It has long been argued in IR that differences in identity can be a source of conflict whereas convergence and similarity lead to cooperation. Nevertheless, empirical evidence from the Middle East has long defied this hypothesis. The Kingdom of Saudi Arabia, which prides itself on being an Islamic model and claims Islamic leadership, has opposed the rise to power of Islamist movements in the Middle East during several historical periods. The talk will build on the growing literature on ontological security to explain how similarity between Saudi Islamic state identity and rising movements in the region has generated anxiety and identity risks for the Kingdom. These identity risks have shaped the Kingdom’s foreign policy during critical moments in the region and, hence, affected patterns of enmity and conflict in the Middle East.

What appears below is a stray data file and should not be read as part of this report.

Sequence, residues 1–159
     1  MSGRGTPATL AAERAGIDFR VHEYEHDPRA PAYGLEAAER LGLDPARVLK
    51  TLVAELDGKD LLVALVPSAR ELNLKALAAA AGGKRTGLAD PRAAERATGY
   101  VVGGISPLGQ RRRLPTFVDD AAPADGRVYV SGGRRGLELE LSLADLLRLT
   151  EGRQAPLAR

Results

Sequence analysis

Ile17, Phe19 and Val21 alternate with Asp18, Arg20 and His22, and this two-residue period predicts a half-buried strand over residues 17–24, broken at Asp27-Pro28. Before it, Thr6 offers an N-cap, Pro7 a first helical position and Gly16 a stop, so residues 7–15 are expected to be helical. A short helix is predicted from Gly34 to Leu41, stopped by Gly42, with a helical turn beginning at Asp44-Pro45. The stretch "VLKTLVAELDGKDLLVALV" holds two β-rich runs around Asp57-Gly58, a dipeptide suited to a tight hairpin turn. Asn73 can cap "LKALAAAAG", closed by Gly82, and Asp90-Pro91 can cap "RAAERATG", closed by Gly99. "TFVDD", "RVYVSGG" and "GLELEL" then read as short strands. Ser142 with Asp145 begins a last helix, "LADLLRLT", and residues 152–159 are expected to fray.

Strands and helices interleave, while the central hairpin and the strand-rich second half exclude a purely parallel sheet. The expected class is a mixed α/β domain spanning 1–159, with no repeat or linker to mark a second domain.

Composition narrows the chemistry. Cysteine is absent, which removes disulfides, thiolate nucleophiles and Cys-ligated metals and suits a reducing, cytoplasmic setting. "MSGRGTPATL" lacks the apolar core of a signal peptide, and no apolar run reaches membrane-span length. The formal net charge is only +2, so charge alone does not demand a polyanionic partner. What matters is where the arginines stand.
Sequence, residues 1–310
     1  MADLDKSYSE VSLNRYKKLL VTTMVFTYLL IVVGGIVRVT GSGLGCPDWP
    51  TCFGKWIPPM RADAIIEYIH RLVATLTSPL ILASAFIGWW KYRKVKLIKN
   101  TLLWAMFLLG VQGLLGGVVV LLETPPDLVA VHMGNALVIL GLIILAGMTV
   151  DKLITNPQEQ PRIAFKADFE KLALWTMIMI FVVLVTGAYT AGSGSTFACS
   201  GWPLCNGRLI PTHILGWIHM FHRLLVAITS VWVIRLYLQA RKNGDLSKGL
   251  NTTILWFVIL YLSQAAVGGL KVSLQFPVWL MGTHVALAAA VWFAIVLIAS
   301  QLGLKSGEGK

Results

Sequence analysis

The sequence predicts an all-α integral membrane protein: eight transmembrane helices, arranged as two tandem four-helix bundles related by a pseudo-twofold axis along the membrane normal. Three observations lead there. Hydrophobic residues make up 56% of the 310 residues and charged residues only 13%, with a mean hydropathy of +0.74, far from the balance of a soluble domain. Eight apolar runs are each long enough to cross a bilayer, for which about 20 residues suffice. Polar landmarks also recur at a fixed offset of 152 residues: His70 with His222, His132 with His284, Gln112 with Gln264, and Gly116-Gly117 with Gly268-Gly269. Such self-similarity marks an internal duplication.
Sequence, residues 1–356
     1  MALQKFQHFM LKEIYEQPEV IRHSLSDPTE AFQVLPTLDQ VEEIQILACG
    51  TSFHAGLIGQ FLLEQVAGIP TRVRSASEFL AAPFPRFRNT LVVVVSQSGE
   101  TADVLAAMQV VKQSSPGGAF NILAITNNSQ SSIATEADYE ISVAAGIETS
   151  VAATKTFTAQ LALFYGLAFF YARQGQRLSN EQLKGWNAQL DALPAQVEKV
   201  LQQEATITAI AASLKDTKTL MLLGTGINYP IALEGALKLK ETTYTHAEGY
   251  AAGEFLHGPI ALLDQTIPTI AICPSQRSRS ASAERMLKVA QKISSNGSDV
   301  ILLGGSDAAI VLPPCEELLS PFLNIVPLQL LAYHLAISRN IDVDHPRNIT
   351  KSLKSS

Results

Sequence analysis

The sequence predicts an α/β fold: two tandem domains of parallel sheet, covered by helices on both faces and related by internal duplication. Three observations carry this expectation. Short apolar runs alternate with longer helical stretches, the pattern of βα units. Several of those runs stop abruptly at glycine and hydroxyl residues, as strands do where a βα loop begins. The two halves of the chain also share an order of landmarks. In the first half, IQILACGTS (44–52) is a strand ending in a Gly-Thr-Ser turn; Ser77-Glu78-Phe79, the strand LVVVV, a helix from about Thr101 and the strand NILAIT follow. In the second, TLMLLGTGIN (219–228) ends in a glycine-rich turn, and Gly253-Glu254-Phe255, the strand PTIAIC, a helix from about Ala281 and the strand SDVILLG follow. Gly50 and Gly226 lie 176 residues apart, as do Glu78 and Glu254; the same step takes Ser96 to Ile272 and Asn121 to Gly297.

May Darwich is Assistant Professor in IR of the Middle East at Durham University. Her main research interests are identity politics, security politics, and foreign policy in the international relations of the Middle East. Her research appeared in internationally renowned journals, such as Foreign Policy Analysis, the Journal of Global Security Studies, Democratization, Mediterranean Politics, International Relations, Global Discourse and in volumes on the international relations of the Middle East. She is the author of Threats and Alliances in the Middle East: Saudi and Syrian Policies in a Turbulent Region (Cambridge University Press, 2019).